Saving magazines for a century? Or even fifty years? Why would people do this? What was so engaging about these periodicals that they lived in the bottom of a cupboard or drawer for that length of time?
Some of these magazines stay with a family for three or four generations. I’m a third generation owner myself. While visiting my husband’s 94 year old grandmother on my honeymoon, we uncovered a stack of needlework magazines from the 1930s. She sent them home with me. I’ve taken care of them lovingly ever since. In not too many years they will reach their centennial anniversary. Maybe I’ll bake them a cake.
Learning New Skills
Actually, people held onto their magazines for several different reasons. They were considered valuable. Women’s magazines often contained step by step cooking instructions for new cooks. Divided into twelve to fourteen months (or even longer), each article told how to create a specific type of food. If you used those magazines to learn how to cook, or even to refresh your memory, you aren’t going to throw out the “breads” issue.
Experiencing the Best Authors and Illustrators
They also contained some of the best writers of the day. Edna Ferber, Mary Roberts Rhinehart, Kathleen Norris, Temple Bailey, and Faith Baldwin filled the pages. These authors, and more like them, kept women reading and subscribing for more. Usually the stories focused on relationships, but sometimes readers found a mystery or humor. Some of the stories focused on a social problem. And many times subscribers read through a new serialized novel by a famous author before its publication. Each issue published a few chapters of the novel until it was complete. The magazines with the best stories tended to be kept by their owners. Scroll through one of those magazines, Woman’s Home Companion.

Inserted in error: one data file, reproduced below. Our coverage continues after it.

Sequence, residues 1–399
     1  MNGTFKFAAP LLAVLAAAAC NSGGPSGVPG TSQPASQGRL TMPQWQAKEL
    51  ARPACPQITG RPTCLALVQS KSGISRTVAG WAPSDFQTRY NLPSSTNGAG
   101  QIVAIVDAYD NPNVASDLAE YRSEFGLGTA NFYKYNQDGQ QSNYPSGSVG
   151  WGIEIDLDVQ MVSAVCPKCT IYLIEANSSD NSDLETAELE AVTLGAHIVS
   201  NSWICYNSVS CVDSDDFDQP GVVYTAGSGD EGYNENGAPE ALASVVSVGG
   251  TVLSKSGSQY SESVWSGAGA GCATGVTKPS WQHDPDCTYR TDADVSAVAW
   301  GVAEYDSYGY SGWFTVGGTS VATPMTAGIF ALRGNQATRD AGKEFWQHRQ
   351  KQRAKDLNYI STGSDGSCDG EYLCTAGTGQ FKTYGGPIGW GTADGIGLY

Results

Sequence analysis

Some magazines published new or famous art prints that could be removed and framed for the home. Others specialized in current or new popular artists. (Norman Rockwell, for instance, illustrated for The Saturday Evening Post for years.) Almost all these illustrations used charcoal, pencil, or ink drawings printed in black and white. They were still eye-catching and well done. Some magazines placed a color seasonal print on the cover every month to catch readers’ eyes. Others used the cover to highlight a project inside.
Reading for New Recipes
As the seasons turned, home managers turned to the pages of last year’s periodicals looking for useful, seasonal recipes. All cooking in the 1920s and 30s was seasonal cooking, unless the cook could obtain food in a can, or personally canned it herself the year before. Although many periodicals preached meal planning, the monthly menu calendar proved a welcome sight to many a weary cook. Sometimes published recipes were family favorites. Others combined familiar ingredients in new ways. During the Colonial revival of the 1920s, some periodicals published colonial-style recipes that used cornmeal as an ingredient.
Providing Patterns for Crafting
Some readers saved magazines for the needlework patterns. For example, filet crochet reached its heyday during the 1920s and 30s. Needleworkers who enjoyed that type of crochet work kept their magazines so they had ready access to patterns that all too soon dipped into obscurity. If someone liked to tat lace, the magazines provided a goldmine of patterns. Each issue of a needlework periodical until the 1940s or beyond featured one or more tatting patterns to keep those shuttles moving. My favorite tatting pattern of all time dates from 1919. Without saving magazines for a century, I never would have met this pattern.
Often, the magazines stayed around to be brought out every now and then in a fit of nostalgia. “Do you remember when…” can be a great story starter. A comment about an article sparks a family story. In addition, there is something precious about keeping Grandma’s magazines that she loved enough to treasure for fifty years. Paging through them brings up memories of Grandma’s baked bean recipe – with no barbecue sauce, thank you. Only savory beans for Grandma. Looking at the needlework patterns brings to mind the room dividers she embroidered in brown and green. (Wonder what ever happened to those?) Memories become as mellow as the pages that turn when we look through the old magazines that stay in the family generation after generation. There’s something to saving magazines for a century. Especially if they’re good ones.